Linkin Park

Warner Bros Records, Audio CD: Rs. 395

Rock-rap band Linkin Park changed musical direction in their last two albums (Minutes to Midnight and A Thousand Suns). These had mellow, brooding tracks, and were almost easy listening compared to the raw sounds and inventive rap-rock of earlier albums Hybrid Theory and Meteora.

Their fifth studio album Living Things tries to blend the two directions, and is off to an uncertain start. Opening tracks ‘Lost in the Echo’ and ‘In My Remains’ highlight Joe Hahn’s scratchy turntables and Mike Shinoda’s rock guitar, but both tracks lack the power – even the confidence – of the band at their best (see: ‘Crawling’, Hybrid Theory).

They’re characterized by easy, unchallenging electronic sounds: depressingly, one chorus has the ring of Sean Kingston’s ‘Somebody call 911’.

The album picks up midway, with a section of songs that roughly alternate in terms of mood. ‘Lies greed misery’ is every bit the angry rant it sounds, with a sound reminiscent of ‘Faint’ from Meteora. But it’s juxtaposed against a curiously hopeful riff, which distracts. ‘Victimized’ has furious rapping by Mike Shinoda, and the Chester Bennington vocals we’ve known and loved.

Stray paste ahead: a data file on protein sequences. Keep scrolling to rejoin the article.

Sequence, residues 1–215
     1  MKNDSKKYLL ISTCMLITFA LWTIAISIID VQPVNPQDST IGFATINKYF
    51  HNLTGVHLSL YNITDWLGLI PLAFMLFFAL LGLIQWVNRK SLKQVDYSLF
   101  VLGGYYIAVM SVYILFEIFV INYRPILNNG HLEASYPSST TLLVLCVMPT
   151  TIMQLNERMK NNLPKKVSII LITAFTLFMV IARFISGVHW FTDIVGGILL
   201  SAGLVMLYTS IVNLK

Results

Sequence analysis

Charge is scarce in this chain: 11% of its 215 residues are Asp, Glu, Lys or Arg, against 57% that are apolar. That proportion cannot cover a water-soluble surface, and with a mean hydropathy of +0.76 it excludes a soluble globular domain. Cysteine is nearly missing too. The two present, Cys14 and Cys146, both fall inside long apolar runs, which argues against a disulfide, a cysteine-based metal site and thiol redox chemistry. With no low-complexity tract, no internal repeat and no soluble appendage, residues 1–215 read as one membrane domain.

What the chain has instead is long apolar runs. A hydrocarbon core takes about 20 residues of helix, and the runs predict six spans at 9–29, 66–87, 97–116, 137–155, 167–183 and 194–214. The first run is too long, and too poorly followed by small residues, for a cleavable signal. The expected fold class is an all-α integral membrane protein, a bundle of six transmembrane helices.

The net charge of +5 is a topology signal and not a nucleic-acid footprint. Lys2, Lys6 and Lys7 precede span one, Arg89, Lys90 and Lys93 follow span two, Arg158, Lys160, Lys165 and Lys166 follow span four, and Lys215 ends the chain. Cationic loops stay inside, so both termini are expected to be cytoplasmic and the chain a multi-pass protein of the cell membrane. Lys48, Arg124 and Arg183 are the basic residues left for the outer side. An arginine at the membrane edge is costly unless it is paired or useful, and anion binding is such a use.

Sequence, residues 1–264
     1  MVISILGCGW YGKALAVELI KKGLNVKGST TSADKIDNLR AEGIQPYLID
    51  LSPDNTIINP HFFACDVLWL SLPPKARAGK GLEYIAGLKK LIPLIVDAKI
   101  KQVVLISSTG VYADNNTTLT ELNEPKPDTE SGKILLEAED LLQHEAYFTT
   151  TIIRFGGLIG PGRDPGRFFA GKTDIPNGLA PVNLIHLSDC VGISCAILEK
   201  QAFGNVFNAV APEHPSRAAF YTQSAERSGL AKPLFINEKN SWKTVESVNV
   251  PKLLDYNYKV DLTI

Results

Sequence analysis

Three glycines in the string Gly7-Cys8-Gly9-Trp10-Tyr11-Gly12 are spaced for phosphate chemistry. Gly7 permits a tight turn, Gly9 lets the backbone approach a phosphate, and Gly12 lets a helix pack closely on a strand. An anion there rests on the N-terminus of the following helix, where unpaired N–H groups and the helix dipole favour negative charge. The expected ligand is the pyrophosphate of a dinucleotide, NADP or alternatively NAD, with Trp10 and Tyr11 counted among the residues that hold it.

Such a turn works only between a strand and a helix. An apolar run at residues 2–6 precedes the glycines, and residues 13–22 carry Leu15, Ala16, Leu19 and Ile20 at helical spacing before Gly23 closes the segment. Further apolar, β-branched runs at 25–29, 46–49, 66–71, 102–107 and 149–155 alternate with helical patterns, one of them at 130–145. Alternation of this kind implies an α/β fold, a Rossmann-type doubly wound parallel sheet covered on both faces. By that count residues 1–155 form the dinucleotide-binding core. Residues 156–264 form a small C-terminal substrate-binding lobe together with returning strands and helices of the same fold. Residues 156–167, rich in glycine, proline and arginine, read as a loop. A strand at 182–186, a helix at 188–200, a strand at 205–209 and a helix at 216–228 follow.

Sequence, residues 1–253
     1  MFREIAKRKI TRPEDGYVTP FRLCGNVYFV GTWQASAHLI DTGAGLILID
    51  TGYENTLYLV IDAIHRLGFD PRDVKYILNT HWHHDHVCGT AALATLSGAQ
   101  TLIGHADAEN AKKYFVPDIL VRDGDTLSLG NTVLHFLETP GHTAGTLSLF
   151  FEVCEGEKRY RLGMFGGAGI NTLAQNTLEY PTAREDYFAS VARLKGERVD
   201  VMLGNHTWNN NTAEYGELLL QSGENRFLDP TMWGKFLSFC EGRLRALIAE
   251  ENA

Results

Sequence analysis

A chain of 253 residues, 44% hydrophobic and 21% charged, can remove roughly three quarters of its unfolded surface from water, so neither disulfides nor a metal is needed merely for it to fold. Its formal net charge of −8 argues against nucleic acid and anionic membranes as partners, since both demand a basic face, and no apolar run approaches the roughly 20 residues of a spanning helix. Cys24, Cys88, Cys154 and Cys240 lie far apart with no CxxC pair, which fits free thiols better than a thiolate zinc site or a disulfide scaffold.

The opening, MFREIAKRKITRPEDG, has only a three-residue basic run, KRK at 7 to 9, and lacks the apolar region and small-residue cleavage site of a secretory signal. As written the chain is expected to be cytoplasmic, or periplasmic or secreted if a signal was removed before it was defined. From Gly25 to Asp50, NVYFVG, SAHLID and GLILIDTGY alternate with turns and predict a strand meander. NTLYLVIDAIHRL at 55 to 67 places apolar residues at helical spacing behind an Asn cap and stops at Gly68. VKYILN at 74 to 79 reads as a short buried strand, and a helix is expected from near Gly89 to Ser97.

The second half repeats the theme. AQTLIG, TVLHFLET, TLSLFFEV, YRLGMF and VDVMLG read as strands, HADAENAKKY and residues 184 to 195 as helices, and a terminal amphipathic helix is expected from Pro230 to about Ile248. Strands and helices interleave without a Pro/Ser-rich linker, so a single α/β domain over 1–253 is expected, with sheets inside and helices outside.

On the other end of the spectrum, ‘Castles of glass’ suits a moody, mellow evening, as do the lullaby-like notes and piano of ‘Roads untraveled’. ‘I’ll be gone’ is uplifting, but suffers from the too-familiar structure: verse, chorus, bridge, and chorus. ‘Until it breaks’ is a rap, until it’s not: it suddenly takes on a choral, almost nursery rhyme-like section.

This is indeed a mix of sounds, as the band has been apparently intending. The band has toned down both their rock and rap elements, which, done right, could be a successful step towards a mature sound. But the result, in this case, is a bit too unsure of itself.

Lyrically, the album is preoccupied with death and fragility: coffins, remains, glass castles, decay – images along these lines form the bulk of the album. It doesn’t take on the vaguely political overtones that A Thousand Suns did.

Living Things has its moments: for fans of the two recent albums, as well as something for fans of the band’s older sound. The problem might be that these moments may not suffice.